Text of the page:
Head like a robber’s dog


Bill Sikes and his dog Bull’s-Eye. A reproduction of a c. 1870s photogravure illustration by Fred Barnard for Charles Dickens’ Oliver Twist.

by Mark Gwynn

The Australian expression to have a head like a robber’s dog means to be very ugly or unattractive. It is first recorded in the 1940s.

Horrie has a head on him like a ‘robber’s dog’ and was in all the trouble about the place, caused by playing shots over which he had no control. (Picton Post, 21 November 1946)

Several variations of this unflattering expression have been recorded over the years, including to have a head like a drover’s dog, to have a head like a beaten favourite, and to have a head like a half-sucked mango. In Frank Hardy’s The Yarns of Billy Borker (1965), the eponymous storyteller provides an insight into the phrase’s adaptability:

You always have a specific character in your stories. That’s because they’re true mate. Had a head on him like a burglar’s torch. A burglar’s torch? Yeh, a long thin neck and a round head. Every real character has a definite name and a head on him like something. I’ll tell this story my way, see. But if you tell it to someone else, you can use a different name and say his head was like something else: maybe a robber’s dog or a warped sandshoe.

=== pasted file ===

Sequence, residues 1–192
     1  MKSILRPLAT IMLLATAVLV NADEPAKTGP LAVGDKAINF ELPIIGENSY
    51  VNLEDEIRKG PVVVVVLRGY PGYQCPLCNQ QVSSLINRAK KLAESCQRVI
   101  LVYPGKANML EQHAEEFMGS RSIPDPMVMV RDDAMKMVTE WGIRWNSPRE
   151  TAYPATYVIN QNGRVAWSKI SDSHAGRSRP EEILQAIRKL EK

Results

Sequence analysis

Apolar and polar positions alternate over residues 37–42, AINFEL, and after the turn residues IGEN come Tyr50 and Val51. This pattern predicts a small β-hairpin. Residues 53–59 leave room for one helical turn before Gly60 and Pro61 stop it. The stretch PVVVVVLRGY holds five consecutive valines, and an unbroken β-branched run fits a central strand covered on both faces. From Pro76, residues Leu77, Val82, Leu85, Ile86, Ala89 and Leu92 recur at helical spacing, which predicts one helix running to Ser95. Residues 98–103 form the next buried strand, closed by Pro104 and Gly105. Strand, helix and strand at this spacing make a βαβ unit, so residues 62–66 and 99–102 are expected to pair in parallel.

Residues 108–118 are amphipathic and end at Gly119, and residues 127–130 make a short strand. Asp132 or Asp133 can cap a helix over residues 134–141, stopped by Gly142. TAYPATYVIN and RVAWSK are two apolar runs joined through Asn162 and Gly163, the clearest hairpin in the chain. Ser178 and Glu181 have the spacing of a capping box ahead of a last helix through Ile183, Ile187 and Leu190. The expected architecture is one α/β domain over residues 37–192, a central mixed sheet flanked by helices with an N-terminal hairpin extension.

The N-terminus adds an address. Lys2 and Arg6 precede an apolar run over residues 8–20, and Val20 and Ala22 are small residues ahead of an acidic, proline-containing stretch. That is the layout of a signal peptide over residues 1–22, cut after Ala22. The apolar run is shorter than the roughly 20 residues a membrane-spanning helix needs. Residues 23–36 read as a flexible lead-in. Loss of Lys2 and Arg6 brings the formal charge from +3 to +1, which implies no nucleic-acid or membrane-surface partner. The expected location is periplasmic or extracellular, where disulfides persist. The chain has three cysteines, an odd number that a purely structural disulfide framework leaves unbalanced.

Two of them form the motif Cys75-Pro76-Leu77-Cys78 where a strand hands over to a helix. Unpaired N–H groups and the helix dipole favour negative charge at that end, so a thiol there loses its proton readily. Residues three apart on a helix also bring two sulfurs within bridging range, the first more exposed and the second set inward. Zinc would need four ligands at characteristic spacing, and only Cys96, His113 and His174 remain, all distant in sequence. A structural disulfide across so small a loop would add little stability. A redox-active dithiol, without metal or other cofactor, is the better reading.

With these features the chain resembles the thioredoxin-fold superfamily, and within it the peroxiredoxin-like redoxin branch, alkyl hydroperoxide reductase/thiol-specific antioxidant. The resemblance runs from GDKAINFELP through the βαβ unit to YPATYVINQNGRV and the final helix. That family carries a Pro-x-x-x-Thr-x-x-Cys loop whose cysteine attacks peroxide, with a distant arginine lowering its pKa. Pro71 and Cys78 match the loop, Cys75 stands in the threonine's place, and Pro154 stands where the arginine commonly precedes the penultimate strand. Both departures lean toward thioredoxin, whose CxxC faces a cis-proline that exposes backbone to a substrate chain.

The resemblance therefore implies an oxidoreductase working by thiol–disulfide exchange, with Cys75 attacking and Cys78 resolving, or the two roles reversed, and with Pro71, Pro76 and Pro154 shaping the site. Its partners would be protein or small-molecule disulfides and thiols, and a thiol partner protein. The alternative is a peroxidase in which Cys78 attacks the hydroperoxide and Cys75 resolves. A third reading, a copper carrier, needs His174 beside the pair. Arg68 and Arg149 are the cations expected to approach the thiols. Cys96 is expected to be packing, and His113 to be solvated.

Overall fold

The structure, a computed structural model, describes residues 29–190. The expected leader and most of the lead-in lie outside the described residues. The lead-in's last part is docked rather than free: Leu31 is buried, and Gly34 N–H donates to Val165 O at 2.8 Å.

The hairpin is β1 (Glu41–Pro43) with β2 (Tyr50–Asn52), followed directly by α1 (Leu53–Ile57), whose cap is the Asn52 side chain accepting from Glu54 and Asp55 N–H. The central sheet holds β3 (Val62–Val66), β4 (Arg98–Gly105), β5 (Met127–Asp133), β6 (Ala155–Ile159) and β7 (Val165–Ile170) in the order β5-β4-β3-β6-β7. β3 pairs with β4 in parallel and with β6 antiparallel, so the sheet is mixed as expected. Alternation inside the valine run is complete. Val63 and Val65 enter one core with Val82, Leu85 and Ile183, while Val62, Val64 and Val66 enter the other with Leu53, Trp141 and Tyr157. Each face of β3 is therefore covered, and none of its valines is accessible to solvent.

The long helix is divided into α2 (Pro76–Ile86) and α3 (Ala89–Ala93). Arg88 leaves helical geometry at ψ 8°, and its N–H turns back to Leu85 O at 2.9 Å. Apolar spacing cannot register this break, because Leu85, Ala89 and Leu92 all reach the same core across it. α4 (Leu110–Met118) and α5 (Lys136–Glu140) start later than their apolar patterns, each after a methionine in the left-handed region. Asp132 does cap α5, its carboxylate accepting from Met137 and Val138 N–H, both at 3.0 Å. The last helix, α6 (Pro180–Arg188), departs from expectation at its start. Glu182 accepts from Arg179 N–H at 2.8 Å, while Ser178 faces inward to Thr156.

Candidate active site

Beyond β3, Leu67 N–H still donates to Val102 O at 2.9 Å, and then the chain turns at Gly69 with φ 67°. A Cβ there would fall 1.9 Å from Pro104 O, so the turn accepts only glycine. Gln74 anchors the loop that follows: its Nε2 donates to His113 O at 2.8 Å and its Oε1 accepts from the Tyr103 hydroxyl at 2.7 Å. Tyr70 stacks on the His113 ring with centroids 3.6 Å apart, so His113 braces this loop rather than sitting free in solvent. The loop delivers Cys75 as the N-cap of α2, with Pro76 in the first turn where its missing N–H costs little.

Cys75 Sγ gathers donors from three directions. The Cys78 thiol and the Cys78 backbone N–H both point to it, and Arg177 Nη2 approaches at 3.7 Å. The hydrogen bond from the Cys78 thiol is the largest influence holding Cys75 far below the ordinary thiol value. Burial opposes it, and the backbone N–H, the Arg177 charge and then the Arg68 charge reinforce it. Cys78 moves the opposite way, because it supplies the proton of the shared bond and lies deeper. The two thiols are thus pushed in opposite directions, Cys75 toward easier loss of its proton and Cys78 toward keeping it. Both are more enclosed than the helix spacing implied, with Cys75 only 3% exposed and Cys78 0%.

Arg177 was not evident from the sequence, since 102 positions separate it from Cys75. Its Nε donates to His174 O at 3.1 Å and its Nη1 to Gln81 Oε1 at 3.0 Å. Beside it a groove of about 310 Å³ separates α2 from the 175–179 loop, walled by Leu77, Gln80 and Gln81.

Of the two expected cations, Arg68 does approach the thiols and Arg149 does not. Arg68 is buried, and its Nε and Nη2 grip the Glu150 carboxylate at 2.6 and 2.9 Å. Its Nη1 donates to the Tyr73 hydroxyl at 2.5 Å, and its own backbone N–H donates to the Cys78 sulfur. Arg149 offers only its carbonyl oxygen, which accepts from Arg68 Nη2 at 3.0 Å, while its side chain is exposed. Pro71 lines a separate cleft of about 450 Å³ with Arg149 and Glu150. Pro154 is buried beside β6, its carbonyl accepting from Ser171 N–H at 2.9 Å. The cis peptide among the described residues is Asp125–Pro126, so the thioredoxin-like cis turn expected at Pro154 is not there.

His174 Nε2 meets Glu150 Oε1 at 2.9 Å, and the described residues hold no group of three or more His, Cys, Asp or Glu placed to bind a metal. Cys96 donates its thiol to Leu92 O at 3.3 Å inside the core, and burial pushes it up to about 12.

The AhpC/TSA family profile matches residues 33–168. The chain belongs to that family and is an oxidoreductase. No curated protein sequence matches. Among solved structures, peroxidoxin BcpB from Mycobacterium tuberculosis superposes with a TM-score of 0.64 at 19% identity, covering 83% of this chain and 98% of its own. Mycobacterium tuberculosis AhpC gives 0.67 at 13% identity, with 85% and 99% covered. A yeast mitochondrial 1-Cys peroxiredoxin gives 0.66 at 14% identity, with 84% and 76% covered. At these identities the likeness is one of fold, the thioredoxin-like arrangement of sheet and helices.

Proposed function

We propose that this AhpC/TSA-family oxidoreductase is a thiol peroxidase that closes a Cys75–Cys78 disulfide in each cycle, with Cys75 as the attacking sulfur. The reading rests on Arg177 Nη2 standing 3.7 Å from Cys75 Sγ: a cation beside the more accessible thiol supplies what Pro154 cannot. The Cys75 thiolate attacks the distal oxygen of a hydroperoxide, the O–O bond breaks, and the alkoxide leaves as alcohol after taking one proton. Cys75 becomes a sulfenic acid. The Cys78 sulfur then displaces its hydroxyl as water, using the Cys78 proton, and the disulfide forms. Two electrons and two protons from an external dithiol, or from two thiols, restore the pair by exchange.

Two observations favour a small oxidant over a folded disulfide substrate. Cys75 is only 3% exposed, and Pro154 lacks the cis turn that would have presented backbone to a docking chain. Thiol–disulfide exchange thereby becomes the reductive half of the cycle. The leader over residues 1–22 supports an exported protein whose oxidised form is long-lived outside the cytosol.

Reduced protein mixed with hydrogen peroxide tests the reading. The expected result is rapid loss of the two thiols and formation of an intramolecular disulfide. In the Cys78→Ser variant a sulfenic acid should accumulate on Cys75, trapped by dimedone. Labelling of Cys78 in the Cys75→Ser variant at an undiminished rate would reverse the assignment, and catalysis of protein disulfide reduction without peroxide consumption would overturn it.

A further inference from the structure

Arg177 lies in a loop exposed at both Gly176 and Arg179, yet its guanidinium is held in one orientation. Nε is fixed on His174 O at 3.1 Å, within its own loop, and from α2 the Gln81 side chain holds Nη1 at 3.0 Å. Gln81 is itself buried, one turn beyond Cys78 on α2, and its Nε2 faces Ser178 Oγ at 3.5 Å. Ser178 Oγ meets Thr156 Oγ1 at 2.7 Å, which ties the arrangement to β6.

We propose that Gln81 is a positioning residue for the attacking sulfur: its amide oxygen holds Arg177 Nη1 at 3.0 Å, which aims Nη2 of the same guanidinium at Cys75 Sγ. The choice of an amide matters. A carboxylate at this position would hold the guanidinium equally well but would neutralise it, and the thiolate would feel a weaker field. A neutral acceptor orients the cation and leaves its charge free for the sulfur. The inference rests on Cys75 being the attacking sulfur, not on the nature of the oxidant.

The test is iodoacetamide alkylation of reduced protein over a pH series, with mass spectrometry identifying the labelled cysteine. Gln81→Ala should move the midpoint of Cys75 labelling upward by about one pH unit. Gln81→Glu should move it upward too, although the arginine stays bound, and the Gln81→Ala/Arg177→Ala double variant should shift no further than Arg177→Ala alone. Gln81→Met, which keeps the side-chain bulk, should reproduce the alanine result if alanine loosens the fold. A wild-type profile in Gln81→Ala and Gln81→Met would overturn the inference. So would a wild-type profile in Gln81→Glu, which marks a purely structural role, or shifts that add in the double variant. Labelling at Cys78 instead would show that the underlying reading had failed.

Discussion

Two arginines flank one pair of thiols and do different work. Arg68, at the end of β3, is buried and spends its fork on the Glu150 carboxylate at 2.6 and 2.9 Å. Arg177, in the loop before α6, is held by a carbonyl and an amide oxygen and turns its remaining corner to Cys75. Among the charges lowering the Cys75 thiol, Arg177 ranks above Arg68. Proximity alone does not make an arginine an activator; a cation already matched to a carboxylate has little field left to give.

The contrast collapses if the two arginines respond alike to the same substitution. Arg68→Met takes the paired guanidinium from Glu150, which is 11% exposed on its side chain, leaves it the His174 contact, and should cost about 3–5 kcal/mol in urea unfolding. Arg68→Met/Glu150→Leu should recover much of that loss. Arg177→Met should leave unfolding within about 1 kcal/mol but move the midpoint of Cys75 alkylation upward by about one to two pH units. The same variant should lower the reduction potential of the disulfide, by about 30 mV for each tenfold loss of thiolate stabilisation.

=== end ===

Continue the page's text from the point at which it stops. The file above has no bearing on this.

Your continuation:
As part of our continuing research into Australian English we would like to record more variations of the ‘to have a head like…’ idiom. If you know of any, please tell us. If you have found the idiom in a book, newspaper, blog (or other online source), we’d appreciate any source details you can provide.


2 thoughts on “Head like a robber’s dog

  1. A “face like a dropped pie” is a particularly vivid image of an ugly mug. I’d be interested to know if it were an Australian term.

    • Thanks for your comment Antony. We haven’t researched the set phrases ‘head like a..’ and ‘face like a..’ but we know that they are relatively common in Australian English. Jonathon Green has several of them in his Green’s Dictionary of Slang but with very limited evidence. Tellingly Green’s evidence is largely from New Zealand sources which indicates an antipodean bias. At this stage we believe that a number of these set phrases will prove to be Australianisms but the similes they are based on are perhaps used more widely in English. This blog and its dissemination on social media is just the start of our research.

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